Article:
I use ThinkCERCA’s Curriculum to assign a level-appropriate text for each student. The platform’s writing supports help students form an evidence-backed claim in response to a writing prompt.
- Differentiate articles for students (typically 3 groups per class), so they’re reading about the same topic, but at appropriate grade levels. (I want my students to practice writing claims, evidence, and reasoning for less complex text so that they understand the procedure, and I then increase the text complexity.)
- Create a Google Slides presentation and lead students through each step of the CERCA process.
- Students are responsible for reading the article, making a connection, taking the comprehension quiz (which generates valuable data on their informational text comprehension), highlighting according to the prompts, and creating a claim. This is the first time that students are choosing a side of the argument; prior to this, they were exploring both sides.
- Review each student’s claim and made sure it answered the Class Discussion Question, did not include personal pronouns, and was broad enough to be supported by evidence.
Step 6 (one class period per article)
- Differentiate the next article for students and have them complete steps 1-3 of ThinkCERCA’s Writing Lesson (1. Connect with the text; 2. Read the text and answer questions; 3. Engage with the text by highlighting arguments).
- Check students’ comprehension.
- Then, ask students to create a claim (independently) and identify two pieces of evidence that prove the claim. Students are responsible for quoting and citing correctly.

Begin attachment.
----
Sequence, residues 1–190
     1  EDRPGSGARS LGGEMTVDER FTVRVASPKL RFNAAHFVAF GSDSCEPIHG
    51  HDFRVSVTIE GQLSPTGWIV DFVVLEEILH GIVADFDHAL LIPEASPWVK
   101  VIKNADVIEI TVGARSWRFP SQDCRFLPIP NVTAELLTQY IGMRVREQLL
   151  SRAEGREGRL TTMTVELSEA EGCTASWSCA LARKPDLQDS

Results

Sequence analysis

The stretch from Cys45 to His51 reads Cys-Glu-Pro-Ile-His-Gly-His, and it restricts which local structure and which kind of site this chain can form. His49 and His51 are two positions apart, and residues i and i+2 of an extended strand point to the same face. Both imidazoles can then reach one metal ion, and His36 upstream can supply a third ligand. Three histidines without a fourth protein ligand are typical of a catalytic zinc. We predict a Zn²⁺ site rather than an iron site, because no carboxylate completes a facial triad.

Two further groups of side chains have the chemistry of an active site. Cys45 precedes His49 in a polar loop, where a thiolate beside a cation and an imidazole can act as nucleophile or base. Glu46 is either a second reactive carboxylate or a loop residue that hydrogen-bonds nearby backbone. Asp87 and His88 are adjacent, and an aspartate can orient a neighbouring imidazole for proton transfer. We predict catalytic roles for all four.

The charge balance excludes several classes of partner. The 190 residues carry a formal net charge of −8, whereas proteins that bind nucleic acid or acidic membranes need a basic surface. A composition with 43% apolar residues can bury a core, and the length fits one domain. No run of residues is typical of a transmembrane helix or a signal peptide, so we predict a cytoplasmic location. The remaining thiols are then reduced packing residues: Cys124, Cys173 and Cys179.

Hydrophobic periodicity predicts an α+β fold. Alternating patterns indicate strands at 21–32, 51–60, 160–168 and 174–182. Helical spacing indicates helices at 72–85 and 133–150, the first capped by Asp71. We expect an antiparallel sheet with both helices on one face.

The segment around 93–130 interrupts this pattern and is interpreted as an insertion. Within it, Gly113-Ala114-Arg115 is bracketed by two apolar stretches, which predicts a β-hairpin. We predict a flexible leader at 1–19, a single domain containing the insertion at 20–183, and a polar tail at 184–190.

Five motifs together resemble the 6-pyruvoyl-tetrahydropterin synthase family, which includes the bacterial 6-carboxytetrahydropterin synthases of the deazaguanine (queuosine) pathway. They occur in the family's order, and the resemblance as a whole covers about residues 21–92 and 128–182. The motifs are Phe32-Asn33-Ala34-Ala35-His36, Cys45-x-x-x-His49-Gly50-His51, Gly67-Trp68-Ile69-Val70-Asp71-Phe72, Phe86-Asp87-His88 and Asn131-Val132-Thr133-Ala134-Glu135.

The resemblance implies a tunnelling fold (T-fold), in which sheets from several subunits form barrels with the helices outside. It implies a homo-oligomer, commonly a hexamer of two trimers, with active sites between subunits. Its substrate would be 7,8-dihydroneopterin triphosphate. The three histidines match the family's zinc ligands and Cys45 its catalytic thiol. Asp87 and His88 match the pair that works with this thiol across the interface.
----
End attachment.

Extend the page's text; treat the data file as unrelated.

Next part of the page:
Step 7 (two class periods)
Reasoning is the most difficult piece of the CERCA process for students. Most students try to restate the evidence or just say, “This proves that ...” Work 1:1 with students to get them to explain why the evidence they picked is the best to prove the claim, and type while they explain. Typically the reasoning emerges in this scaffolding process. I also use student exemplars to guide them.
- In this step, students are independently engaging in Steps 1, 2, 3, and 5 of ThinkCERCA (connect; read; engage; and build an argument). Students write a claim, and add two pieces each of evidence and reasoning.
- Then, before the next class period, go into ThinkCERCA, offer them feedback, and send their writing back.
- Spend at least one class period revising according to teacher feedback.
I’ve noticed that when my kids use ThinkCERCA, the skills of identifying evidence and writing reasoning to justify an argument end up transferring into other parts of my class.
While students were in literature circles, one group was having a particularly heated debate about a character’s motivation in A Wrinkle in Time. One student told me, “I keep telling my group members to justify their evidence using reasoning! See, ThinkCERCA is helping us!”
In the last step, my students take their CERER (a schoolwide acronym to describe the claim–evidence–reasoning–evidence–reasoning structure) and flush it out into a full-blown body paragraph for an argument essay. Since they’ve already done the majority of the hard work, we only have to add a context and a summary sentence for each body paragraph. The order becomes: claim, context, evidence, reasoning, summary.
And that’s it! At this point, my students have gained a deep level of comprehension when it comes to argumentation, and are well-equipped to analyze claims and respond to them with appropriate evidence, reasoning, and language.